MIAMI (CBS4) – Less than 24 hours after a notorious Irish-American mob boss was taken into custody near Los Angeles, Miami prosecutors have announced that they plan to bring him to South Florida and try him for the murder of a local gambling executive.
Miami-Dade State Attorney Katherine Fernandez Rundle said James “Whitey” Bulger, 81, remains under indictment for his role in the 1982 murder of jai alai executive John Callahan.
Former FBI agent John Connolly was convicted of murder in 2008 for telling Bulger that Callahan was cooperating with investigators looking into Bulger’s role in the 1981 murder of an Oklahoma businessman.
“Bulger’s criminal activities have been marked by the corpses his killers and associates have left behind in car trunks and alleyways,” said Rundle in a statement. “After a 16 year delay, I will be working to ensure that a Miami jury has the opportunity to look him in the eyes and determine his fate just as we did with his associate, ex-FBI agent John J. Connolly, Jr.”
“It was the first real case that I was involved with that stretched all over the place,” said John Parmenter, a former Miami-Dade detective who was among the first to begin investigating Callahan’s death.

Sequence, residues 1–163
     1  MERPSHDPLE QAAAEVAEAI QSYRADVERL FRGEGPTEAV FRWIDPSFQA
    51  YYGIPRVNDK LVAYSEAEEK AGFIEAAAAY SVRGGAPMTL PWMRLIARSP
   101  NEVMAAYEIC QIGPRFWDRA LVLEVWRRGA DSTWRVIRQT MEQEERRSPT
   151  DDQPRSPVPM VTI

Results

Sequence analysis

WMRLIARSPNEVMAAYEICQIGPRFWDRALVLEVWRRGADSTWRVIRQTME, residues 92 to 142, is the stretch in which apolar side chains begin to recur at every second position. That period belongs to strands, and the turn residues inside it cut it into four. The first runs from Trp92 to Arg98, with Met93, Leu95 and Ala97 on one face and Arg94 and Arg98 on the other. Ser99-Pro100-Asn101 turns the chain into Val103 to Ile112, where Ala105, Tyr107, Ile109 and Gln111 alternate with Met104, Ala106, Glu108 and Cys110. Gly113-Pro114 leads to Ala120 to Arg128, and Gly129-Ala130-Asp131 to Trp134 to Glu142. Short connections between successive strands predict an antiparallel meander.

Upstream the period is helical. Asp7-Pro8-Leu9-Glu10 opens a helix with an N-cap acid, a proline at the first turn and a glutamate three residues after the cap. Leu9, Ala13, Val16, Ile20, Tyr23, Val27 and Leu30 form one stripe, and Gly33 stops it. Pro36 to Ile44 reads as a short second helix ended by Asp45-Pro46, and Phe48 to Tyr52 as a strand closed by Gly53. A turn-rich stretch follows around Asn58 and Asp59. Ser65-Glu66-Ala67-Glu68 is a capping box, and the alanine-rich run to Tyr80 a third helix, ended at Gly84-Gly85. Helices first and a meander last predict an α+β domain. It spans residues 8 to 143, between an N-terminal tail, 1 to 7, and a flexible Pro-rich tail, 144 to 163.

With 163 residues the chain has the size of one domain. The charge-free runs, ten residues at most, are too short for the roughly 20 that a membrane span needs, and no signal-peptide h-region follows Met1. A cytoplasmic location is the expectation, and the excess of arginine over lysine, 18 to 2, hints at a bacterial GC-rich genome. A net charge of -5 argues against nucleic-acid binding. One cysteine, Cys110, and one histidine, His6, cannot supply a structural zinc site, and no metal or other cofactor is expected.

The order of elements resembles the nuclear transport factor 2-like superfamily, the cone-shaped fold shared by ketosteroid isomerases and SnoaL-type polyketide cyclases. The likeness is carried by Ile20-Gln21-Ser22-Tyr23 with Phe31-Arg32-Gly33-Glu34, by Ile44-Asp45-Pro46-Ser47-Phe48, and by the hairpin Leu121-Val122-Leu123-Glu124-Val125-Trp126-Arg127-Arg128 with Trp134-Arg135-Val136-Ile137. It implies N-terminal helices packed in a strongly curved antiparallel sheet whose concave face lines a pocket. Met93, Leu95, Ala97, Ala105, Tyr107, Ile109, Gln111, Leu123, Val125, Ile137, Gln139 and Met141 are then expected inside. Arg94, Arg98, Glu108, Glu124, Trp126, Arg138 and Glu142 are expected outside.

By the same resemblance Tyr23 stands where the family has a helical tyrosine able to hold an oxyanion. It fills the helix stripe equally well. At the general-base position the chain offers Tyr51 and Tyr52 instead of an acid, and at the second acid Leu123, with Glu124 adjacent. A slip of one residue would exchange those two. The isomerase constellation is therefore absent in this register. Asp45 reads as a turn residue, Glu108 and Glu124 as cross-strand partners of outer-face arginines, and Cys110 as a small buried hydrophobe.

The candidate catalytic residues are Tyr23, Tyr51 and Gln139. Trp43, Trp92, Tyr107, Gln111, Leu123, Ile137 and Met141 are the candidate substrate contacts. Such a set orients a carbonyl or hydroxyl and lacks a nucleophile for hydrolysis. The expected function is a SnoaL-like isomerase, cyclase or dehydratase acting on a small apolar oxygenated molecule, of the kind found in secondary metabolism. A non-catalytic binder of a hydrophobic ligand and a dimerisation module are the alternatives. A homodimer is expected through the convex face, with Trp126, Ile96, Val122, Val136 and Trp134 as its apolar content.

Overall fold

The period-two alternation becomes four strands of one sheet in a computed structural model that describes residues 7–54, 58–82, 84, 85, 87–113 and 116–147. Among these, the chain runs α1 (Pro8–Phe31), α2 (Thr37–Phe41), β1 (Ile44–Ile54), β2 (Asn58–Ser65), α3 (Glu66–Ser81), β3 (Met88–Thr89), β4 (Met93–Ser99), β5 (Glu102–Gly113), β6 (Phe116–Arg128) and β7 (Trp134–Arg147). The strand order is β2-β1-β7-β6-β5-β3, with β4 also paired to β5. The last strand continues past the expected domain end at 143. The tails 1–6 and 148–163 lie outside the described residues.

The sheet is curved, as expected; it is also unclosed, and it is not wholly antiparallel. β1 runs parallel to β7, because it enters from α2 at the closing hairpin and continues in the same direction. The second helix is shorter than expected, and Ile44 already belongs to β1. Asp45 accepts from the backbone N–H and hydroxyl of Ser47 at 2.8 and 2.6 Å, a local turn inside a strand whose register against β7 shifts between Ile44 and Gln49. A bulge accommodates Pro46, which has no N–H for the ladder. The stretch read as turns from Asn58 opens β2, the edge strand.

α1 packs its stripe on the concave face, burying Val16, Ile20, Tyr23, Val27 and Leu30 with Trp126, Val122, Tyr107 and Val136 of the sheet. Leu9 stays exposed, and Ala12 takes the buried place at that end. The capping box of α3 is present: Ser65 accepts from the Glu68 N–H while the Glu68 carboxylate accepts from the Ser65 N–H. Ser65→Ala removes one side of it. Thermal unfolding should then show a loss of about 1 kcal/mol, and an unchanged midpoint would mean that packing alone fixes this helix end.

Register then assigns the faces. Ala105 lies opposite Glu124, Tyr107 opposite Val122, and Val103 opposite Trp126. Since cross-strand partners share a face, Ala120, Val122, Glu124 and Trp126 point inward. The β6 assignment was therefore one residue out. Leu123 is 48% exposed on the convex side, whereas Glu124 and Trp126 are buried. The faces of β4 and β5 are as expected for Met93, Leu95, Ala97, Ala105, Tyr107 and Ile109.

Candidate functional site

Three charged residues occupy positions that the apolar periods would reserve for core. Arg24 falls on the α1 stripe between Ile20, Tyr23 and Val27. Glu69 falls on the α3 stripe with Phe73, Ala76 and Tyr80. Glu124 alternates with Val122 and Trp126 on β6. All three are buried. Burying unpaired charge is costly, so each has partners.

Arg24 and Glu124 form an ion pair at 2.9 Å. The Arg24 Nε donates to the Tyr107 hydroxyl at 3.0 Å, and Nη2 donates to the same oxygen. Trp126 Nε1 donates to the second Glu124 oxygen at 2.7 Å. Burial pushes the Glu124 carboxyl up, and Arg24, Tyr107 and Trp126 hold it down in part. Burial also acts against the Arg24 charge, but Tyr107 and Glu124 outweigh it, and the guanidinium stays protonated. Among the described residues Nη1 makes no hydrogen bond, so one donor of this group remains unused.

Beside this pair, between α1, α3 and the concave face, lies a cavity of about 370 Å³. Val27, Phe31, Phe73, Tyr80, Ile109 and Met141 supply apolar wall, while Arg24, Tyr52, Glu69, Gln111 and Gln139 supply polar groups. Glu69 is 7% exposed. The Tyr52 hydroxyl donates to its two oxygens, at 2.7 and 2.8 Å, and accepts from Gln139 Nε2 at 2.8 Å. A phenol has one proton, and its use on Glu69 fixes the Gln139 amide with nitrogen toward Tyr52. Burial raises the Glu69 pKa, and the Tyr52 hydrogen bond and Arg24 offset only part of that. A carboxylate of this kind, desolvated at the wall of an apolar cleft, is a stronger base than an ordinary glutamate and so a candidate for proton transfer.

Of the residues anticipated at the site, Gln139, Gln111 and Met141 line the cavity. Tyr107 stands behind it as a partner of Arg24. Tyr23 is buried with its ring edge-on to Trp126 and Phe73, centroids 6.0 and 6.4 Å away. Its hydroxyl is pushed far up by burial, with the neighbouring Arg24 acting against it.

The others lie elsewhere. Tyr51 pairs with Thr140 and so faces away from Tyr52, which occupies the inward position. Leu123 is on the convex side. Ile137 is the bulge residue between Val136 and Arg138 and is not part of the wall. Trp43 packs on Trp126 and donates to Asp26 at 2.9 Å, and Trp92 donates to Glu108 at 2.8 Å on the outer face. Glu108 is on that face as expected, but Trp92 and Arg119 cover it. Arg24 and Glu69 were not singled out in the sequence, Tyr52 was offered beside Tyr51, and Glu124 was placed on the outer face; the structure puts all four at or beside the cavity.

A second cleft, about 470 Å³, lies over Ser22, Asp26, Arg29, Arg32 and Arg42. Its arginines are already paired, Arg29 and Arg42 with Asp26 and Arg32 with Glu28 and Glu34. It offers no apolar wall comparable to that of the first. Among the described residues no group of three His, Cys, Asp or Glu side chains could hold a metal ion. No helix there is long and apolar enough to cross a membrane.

“You have to realize that at the time, we didn’t realize it was a big organized crime. It was a dead body,” Parmenter told CBS4’s Gio Benitez in an exclusive interview.
An inspiration for the ruthless gangland boss in the 2006 Martin Scorsese movie “The Departed,” Bulger was wanted for 19 murders. One victim was shot between the eyes in a parking lot at his country club in Oklahoma. Another was gunned down in broad daylight on a South Boston street to prevent him from talking about the killing in Oklahoma.
Bulger had a $2 million reward on his head and rose to No. 1 on the FBI’s Ten Most Wanted list after Osama bin Laden was killed. He fled Boston in 1995 when he learned he was about to be indicted, Connolly may have been the source.
The FBI finally caught him at an apartment in Santa Monica along with longtime girlfriend Catherine Greig on Wednesday, just days after the government launched a publicity campaign to locate the fugitive crime boss by circulating pictures of Greig on daytime TV and on billboards.
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